A Hidden Life
It’s one of the year’s best and most distinctive movies, though sure to be divisive, even alienating for some viewers, in the manner of nearly…
I’ve been waiting for it: the first great chorus of hearty booing in this year’s Cannes festival. Which director would get this “What were you thinking?” tribute from a couple thousand critics and industry insiders? The unlucky winner is Gus Van Sant with “The Sea of Trees,” premiering tonight in competition.
Whoa, what a dud. Where to start? In its trajectory, the film is reminiscent of Van Sant’s 2002 misfire, “Gerry,” a film with a cast of two, in which Casey Affleck and Matt Damon get lost in the desert without any supplies or means of securing help. “The Sea of Trees” has peripheral characters, but it’s basically a two-person plot, with Matthew McConaughey as an American who goes to a legendary Japanese forest in order to end his life, and Ken Watanabe as the lost Japanese man he meets there.
Aokigahara Forest, aka Suicide Forest, is a real place (Google it for an eyeful). People of all nationalities go there to commit suicide, as McConaughey’s Arthur Brennan does for reasons that are only gradually revealed. As he climbs the steep path from the parking lot, he passes numerous cautionary signs in Japanese and English, with messages like, “The life given to you by your parents is precious.” Once in the disorienting thick of the forest, Arthur encounters dead and rotting bodies in the underbrush and hanging from trees.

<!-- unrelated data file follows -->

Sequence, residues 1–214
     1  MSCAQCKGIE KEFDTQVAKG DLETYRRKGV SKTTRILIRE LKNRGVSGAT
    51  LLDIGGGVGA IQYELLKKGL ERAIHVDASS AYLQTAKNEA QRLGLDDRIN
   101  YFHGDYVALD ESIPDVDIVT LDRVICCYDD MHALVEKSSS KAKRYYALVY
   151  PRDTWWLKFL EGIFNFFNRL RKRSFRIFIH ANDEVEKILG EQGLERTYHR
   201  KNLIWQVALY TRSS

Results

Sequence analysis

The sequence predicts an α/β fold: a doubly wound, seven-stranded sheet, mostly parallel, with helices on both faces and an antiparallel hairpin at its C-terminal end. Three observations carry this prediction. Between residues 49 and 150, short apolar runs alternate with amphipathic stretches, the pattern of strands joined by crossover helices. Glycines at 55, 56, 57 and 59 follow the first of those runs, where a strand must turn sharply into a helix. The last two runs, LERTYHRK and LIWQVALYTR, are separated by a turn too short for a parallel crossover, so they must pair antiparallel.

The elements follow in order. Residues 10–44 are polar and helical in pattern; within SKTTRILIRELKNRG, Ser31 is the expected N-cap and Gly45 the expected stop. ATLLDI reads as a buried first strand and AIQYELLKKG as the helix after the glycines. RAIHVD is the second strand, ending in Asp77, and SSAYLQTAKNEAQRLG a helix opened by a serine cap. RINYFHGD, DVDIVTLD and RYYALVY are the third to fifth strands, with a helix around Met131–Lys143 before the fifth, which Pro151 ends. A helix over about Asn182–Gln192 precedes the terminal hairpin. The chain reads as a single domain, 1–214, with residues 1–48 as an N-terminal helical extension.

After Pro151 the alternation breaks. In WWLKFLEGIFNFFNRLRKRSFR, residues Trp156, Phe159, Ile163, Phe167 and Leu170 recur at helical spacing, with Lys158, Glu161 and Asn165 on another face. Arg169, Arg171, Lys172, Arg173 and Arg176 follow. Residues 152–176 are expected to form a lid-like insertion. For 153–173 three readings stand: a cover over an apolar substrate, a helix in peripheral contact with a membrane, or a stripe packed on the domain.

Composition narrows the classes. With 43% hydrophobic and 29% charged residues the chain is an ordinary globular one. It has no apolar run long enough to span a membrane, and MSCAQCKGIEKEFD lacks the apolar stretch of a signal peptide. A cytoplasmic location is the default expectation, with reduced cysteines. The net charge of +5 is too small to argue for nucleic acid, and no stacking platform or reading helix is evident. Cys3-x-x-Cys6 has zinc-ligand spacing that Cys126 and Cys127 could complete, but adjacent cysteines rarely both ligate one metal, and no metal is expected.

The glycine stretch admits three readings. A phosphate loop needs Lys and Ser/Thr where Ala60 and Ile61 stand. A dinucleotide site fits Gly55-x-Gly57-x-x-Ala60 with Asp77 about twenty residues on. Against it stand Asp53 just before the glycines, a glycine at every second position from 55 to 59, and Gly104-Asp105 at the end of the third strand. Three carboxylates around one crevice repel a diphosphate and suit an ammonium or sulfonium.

Settling in a picturesque spot to begin the process of offing himself via pills, he is distracted by the groans of Tekumi, a lost injured man begging for help. Quickly and predictably, both men decide they want to live, and begin futile attempts to find the way out. For a man who wanted to die, Arthur proves as impossible to kill as the Terminator. In addition to being drugged, he tumbles off a cliff from a great height, lands on his back on perilous sharp rocks, is impaled through the guts by a thick tree branch, swept away by a flash flood, and takes yet another fall from a cliff.
As night falls, Arthur seems miraculously hearty. The two conveniently stumble upon the well-equipped tent of one of the former suicides, and so they are able to spend a cozy night around the campfire exchanging confidences. This forest-bound saga has so far alternated with Arthur’s flashbacks to his unraveling relationship with his wife (Naomi Watts). Takumi, the stereotypical sage Asian, gives wise counsel, opening Arthur’s eyes to an unfamiliar spiritual dimension to life.
Many of this film’s plot twists are both predictable and unintentionally funny, triggering more than a few titters. I can’t even give away the good stuff. As Jake Gyllenhaal pointed out in the jury press conference on Wednesday, a bonus of being at Cannes is that you get to see films for free. Amen in the case of “The Sea of Trees.”
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